Reflections from COP20, Day 10
Atayi Babs, Pan-African Media Alliance for Climate Change
Upon entering the COP20 conference venue on Wednesday, I was met by over one hundred delegates from countries around the world, including leading representatives of the African civil society under the aegis of the Pan-African Climate Justice Alliance (PACJA), who stood together for two minutes of silence to show solidarity with the people of the Philippines who are suffering in the wake of Typhoon Hagupit.
At the venue, civil society representatives called on Ministers who arrived early this week to make progress towards a mechanism that effectively addresses Loss and Damage from climate impacts. Vulnerable countries like the Philippines are already counting the costs, with last year’s Typhoon Haiyan leaving more than 7,000 dead or missing.
"We stand in solidarity with the Philipines today because we are one," Robert Chimambo of PACJA declared. "Africa is in the same vulnerable boat with Philippines and that is why we are calling on those with historical responsibility and capacity to act now, or we sink together in this titanic" Chimambo added.
Maria Theresa Nera-Lauron from IBON international in the Philippines said that her country does not want sympathy but action in solidarity. "You cannot talk about sympathy, while at the same time putting us on a path to more devastation – a path that will result in more severe weather events, more severe Bophas and Haiyans and Hagupits. We refuse to become a poster child for devastation and climate impacts. We in the Philippines are not drowning. We are not dying. We are fighting. We are fighting, and we need you to fight with us."
Delegates arriving at the conference centre on Wednesday were greeted with images from the aftermath of these storms, to remind them that climate vulnerable communities need to see urgent progress in Lima. Despite this, some countries, including the UK and the USA, are actually undermining efforts in negotiations to develop a comprehensive Loss and Damage mechanism that would provide support for countries already suffering climate impacts that are 'locked-in.'
Responding to the show of solidarity, Dewy Sacayan of the Aotearoa Youth Leadership Institute said “we thank you for your sympathy, but we need more. We need real action to put us on the path to a safe climate future. We have had enough. My family back home are already telling me grim stories about Hagupit. When I went to Tacloban after Haiyan to lead relief work, I saw things that I will never forget. My people have had three unseasonal typhoons in three years."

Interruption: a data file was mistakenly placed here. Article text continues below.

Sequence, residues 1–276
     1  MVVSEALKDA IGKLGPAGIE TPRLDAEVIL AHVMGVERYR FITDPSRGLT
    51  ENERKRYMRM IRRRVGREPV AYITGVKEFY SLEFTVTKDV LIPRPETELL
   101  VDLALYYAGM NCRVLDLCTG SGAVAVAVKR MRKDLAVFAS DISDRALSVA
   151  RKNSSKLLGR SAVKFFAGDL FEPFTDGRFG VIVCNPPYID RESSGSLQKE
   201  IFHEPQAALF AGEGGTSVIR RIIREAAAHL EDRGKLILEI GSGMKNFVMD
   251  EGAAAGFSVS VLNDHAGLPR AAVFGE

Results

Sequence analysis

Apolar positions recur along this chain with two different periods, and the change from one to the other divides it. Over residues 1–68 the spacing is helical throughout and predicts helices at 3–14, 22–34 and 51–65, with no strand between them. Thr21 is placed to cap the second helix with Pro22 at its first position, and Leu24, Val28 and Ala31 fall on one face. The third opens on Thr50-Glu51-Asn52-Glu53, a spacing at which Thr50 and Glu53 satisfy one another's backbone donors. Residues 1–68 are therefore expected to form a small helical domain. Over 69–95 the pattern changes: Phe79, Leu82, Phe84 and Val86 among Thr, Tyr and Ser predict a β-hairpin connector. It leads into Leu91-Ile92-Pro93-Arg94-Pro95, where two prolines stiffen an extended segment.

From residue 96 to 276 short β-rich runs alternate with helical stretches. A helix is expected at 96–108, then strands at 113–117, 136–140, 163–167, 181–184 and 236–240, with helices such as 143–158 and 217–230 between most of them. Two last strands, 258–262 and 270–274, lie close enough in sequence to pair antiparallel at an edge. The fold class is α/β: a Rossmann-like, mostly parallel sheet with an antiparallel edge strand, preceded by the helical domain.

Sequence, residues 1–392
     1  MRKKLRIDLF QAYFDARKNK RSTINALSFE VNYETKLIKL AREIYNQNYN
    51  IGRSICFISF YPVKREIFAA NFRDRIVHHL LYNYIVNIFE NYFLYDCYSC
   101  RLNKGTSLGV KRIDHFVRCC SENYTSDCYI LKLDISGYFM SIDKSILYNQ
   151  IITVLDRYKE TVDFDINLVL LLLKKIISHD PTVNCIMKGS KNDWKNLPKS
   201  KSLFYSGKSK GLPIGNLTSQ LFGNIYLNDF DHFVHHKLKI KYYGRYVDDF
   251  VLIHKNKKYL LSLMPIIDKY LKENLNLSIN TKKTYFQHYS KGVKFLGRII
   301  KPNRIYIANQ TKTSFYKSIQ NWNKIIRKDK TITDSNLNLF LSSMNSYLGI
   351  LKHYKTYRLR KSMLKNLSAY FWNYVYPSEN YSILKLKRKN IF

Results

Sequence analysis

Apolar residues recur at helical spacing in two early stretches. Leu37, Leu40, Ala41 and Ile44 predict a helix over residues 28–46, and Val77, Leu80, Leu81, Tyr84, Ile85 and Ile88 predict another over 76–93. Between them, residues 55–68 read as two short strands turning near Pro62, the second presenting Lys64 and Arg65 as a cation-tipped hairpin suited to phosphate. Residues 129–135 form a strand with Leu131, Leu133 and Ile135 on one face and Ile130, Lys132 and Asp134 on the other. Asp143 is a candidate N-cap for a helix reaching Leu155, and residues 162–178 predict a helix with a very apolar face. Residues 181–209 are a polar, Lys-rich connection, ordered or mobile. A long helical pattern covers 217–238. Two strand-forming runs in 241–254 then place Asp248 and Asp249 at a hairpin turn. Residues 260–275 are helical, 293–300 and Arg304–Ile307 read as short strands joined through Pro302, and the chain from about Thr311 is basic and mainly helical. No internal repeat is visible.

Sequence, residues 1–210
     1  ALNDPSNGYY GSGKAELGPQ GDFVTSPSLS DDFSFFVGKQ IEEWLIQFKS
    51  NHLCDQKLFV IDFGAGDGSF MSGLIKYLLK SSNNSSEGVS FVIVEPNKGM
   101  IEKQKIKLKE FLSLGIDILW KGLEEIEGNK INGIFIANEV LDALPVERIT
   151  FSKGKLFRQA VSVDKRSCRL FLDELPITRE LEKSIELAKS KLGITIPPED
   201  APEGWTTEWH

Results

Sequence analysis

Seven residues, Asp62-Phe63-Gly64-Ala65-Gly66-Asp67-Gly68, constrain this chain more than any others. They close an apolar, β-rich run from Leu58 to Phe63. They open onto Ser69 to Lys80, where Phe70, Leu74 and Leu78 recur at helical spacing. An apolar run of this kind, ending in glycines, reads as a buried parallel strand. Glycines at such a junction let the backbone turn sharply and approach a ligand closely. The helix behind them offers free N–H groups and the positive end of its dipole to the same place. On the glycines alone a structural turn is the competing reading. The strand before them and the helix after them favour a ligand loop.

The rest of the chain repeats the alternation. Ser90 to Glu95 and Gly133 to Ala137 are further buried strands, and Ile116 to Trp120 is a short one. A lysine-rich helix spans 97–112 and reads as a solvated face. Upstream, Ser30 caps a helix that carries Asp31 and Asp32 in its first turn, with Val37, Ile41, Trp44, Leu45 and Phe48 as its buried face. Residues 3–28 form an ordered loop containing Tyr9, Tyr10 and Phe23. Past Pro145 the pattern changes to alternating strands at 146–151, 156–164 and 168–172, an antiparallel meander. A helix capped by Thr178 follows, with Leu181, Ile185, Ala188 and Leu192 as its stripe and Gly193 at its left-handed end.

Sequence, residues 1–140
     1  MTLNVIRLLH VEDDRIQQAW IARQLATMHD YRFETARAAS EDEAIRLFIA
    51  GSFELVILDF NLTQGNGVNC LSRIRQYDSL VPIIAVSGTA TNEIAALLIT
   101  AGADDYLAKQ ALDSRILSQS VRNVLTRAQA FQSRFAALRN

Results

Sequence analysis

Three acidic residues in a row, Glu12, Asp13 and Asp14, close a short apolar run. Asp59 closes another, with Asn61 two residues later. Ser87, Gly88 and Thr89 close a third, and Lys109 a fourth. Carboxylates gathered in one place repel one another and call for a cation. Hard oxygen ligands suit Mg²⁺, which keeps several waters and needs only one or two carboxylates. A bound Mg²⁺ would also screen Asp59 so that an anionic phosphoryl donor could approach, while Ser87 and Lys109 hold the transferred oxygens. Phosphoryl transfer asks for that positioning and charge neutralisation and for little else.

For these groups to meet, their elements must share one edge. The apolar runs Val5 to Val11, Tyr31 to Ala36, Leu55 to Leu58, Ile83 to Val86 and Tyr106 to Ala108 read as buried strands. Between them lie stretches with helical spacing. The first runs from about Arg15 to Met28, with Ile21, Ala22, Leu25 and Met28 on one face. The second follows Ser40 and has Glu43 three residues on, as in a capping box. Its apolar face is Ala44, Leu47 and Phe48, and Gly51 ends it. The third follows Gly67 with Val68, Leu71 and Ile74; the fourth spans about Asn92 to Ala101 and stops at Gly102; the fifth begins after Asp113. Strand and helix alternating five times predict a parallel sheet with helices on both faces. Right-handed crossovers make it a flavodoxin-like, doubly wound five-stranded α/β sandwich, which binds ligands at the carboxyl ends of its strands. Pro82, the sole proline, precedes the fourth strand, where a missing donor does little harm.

Cristina Dalla Torre and Sara Cattani, Youth Press Agency
Yesterday was International Mountain Day.
Mountains cover 27 per cent of the planet and are where 12 per cent of the world’s population lives. However, mountains today are exposed to a phenomenon of depopulation in favour of an increasing rate of urbanisation. We have to consider that mountains are not only a natural ecosystem, but also a cultural one. People living in the mountains have created their own identity, customs, traditions, ways of producing and economical systems in a very close relationship to nature, particularly compared to an urban context. Therefore the effects of climate change, such as glaciers melting, increases in temperature and more intense precipitation, are issues that these mountain dwellers have to cope with in their everyday lives.
We all know that mountains are main sources of water and contain a quarter of the world’s biodiversity. But at the same time, each mountain system has its own specific characteristics in terms of different ecosystems, cultures and societies. Although a global response for acting towards climate change is needed, a good way to protect these specific territories is through regional cooperation. An example of this is the institution of the Alpine Convention in Europe, which aims at being the channel of communication of different countries composing the alpine puzzle, as mentioned by Doris Leuthard, Deputy Prime Minister of Switzerland, at the lunch time side event on mountains and water – from understanding to action.
Mountain territories can be laboratories of innovation; starting from the cultural and natural heritage that they already possess. Therefore, it is important to combine resources to create opportunities of personal and community development for the populations settled in those contexts.